Haiti as a country is a very unique in the degree that the majority of the population participates and what is commonly called the informal economy. The informal economy is essentially where people will provide their seemingly unskilled labor in exchange to monetary incentives. It differs from a formal economy in the way that the informal market isn’t monitored nor is it regulated by any governmental institutions. It operates by word of mouth and is based on trust and dependency. Service workers constitute between from 60% to 80% of this informal economy and by participating in that system, they do not benefit from any labor protections, their salaries aren’t monitored in a way that allows them bargaining power not transparency and lastly, they are not provided healthcare of pensions.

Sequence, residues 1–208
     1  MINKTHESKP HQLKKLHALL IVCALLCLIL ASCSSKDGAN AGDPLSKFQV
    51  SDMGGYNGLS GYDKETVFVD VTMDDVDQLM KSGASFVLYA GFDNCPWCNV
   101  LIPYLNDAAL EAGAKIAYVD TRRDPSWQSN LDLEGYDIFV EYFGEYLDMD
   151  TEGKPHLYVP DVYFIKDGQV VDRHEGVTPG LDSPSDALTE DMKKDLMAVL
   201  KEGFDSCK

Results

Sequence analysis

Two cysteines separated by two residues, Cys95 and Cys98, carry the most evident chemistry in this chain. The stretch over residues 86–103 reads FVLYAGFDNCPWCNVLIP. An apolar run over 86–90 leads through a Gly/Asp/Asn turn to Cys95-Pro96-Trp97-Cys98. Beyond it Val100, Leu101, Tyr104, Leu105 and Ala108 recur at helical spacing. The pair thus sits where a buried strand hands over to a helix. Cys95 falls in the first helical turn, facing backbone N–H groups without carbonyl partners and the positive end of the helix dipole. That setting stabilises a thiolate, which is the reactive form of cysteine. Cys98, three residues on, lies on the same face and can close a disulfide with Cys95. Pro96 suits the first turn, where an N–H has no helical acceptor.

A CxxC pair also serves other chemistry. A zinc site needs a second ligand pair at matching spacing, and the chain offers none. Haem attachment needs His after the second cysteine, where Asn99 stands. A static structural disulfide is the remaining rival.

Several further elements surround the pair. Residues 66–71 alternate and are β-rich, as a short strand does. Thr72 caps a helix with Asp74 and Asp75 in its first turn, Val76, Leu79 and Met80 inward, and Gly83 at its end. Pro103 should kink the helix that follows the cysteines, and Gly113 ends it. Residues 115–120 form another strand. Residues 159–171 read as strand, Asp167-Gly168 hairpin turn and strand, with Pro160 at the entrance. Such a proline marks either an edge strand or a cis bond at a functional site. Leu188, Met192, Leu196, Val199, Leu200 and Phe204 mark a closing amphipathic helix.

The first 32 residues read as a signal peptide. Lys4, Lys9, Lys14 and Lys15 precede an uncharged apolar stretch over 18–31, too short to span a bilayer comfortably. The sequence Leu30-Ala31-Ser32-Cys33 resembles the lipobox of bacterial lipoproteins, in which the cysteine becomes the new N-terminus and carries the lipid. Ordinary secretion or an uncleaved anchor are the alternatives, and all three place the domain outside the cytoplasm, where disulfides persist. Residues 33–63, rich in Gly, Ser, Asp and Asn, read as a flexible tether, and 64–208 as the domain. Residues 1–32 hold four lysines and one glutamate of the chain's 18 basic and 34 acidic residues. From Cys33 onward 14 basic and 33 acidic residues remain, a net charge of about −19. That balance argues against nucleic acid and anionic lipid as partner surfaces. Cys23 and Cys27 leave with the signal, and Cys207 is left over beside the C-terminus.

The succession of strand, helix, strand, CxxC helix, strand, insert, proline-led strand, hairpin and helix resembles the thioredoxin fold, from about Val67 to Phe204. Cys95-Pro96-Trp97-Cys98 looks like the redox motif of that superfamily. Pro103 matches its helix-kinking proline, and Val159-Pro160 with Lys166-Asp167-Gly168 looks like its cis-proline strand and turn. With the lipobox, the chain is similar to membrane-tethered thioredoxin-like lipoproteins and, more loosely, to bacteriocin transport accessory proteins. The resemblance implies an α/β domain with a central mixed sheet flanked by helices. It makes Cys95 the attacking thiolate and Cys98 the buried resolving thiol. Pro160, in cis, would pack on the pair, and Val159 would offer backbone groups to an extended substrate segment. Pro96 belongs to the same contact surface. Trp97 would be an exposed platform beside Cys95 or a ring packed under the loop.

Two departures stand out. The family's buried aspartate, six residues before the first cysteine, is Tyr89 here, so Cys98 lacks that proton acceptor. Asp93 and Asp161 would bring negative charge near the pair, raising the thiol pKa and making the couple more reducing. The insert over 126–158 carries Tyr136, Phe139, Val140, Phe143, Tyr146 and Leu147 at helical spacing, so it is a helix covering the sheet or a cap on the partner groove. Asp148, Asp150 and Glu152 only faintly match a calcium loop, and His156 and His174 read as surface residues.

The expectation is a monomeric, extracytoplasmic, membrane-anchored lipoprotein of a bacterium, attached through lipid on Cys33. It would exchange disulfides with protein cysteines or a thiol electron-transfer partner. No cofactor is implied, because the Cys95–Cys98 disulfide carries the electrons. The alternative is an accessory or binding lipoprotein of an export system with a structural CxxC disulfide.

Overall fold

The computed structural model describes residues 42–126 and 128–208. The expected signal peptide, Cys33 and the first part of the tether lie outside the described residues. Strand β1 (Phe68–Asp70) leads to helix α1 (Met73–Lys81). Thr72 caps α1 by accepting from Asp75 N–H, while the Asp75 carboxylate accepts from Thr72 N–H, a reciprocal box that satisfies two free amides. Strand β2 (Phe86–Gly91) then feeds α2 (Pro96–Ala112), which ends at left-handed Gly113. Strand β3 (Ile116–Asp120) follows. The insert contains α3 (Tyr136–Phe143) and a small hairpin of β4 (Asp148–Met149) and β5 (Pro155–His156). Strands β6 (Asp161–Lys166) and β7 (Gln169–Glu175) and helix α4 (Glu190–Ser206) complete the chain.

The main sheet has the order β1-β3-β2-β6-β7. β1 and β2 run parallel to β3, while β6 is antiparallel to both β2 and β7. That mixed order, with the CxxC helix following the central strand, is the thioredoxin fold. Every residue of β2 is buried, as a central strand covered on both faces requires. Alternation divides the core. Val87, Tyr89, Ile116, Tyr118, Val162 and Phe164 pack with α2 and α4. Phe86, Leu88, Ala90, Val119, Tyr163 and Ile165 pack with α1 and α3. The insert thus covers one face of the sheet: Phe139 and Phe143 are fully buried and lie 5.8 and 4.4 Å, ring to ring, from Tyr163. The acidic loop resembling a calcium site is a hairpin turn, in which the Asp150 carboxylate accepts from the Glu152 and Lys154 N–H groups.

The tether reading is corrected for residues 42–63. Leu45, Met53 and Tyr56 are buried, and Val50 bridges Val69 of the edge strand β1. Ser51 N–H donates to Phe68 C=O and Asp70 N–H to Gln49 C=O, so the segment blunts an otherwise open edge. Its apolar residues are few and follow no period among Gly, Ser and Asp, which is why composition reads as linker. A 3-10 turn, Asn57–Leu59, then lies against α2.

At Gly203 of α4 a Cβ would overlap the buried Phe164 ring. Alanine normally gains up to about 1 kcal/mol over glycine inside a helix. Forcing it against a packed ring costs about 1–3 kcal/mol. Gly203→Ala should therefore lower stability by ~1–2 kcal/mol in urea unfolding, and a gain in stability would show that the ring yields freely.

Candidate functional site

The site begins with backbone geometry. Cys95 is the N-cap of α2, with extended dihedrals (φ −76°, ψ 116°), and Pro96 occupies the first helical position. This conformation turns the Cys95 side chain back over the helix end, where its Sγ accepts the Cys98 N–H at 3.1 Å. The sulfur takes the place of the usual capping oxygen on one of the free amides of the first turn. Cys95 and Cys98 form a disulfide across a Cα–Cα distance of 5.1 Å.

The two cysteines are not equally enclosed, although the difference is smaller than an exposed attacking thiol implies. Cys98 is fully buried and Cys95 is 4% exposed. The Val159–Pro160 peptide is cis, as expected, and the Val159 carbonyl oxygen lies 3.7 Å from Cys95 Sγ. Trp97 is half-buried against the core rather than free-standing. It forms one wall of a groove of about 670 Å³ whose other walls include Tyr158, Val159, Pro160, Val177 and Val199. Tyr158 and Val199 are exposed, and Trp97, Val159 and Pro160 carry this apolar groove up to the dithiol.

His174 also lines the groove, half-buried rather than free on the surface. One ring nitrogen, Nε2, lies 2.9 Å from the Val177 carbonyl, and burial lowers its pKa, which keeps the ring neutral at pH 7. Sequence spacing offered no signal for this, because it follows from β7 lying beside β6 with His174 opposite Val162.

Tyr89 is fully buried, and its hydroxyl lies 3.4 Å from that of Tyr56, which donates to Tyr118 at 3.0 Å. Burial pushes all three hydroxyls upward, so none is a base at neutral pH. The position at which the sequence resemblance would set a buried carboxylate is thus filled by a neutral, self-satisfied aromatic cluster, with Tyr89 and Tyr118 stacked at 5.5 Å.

This informal sector work against them in ways that we are only starting to scrap the surface. Haitians in the informal sector pay about one half to one fourth the rate that formal sector or international corporations pay Haitian employees. In 2016, according to the International Trade Center, a maid working for an NGO or in the home of an expatriate earns about US $7.26 per day; a maid working in the Haitian informal sector earns about $3.95 per day.

The average service worker works more than 10-hour days because they sleep overnight, which means that they are always on call ready to tend to our needs. They generally get one informal day off and are looked down upon if they dare to take more days.